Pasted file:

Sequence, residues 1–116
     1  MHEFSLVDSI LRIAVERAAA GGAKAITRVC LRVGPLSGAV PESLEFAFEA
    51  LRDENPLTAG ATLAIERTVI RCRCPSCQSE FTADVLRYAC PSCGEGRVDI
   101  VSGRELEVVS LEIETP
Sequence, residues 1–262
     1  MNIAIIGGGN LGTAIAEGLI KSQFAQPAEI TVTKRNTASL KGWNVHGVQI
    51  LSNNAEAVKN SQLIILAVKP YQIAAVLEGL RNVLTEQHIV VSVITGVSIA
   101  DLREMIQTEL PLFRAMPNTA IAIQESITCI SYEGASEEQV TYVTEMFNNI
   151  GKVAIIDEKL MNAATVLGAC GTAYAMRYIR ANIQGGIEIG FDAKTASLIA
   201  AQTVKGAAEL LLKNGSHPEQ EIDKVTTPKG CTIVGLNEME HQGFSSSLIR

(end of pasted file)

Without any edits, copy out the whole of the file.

Sequence, residues 1–116
     1  MHEFSLVDSI LRIAVERAAA GGAKAITRVC LRVGPLSGAV PESLEFAFEA
    51  LRDENPLTAG ATLAIERTVI RCRCPSCQSE FTADVLRYAC PSCGEGRVDI
   101  VSGRELEVVS LEIETP
Sequence, residues 1–262
     1  MNIAIIGGGN LGTAIAEGLI KSQFAQPAEI TVTKRNTASL KGWNVHGVQI
    51  LSNNAEAVKN SQLIILAVKP YQIAAVLEGL RNVLTEQHIV VSVITGVSIA
   101  DLREMIQTEL PLFRAMPNTA IAIQESITCI SYEGASEEQV TYVTEMFNNI
   151  GKVAIIDEKL MNAATVLGAC GTAYAMRYIR ANIQGGIEIG FDAKTASLIA
   201  AQTVKGAAEL LLKNGSHPEQ EIDKVTTPKG CTIVGLNEME HQGFSSSLIR